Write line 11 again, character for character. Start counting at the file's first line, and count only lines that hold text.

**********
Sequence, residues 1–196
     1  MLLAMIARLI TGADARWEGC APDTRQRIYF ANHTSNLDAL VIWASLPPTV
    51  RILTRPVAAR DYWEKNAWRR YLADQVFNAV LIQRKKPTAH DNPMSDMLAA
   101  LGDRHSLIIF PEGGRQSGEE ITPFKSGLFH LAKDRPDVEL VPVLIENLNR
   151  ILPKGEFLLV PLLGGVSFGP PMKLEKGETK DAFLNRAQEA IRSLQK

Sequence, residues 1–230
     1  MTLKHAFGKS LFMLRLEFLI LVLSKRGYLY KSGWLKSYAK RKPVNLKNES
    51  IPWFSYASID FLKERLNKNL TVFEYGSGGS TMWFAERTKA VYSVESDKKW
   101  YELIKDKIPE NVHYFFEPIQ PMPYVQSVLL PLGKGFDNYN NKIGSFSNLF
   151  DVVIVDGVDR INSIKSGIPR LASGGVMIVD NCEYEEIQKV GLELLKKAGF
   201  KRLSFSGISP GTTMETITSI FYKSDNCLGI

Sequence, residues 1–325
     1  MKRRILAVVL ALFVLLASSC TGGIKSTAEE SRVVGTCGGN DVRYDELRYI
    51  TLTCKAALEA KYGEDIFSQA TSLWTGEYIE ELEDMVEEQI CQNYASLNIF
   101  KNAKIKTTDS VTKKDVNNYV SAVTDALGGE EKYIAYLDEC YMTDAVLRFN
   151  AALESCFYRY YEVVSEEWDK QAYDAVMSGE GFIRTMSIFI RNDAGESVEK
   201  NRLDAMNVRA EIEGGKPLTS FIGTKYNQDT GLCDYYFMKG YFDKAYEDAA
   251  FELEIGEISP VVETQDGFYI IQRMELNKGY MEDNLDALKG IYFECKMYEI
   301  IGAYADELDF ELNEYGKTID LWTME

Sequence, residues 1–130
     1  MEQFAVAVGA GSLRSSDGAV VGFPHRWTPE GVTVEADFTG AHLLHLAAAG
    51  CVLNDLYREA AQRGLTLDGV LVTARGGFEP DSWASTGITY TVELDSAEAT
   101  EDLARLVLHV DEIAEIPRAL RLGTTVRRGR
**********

   201  KRLSFSGISP GTTMETITSI FYKSDNCLGI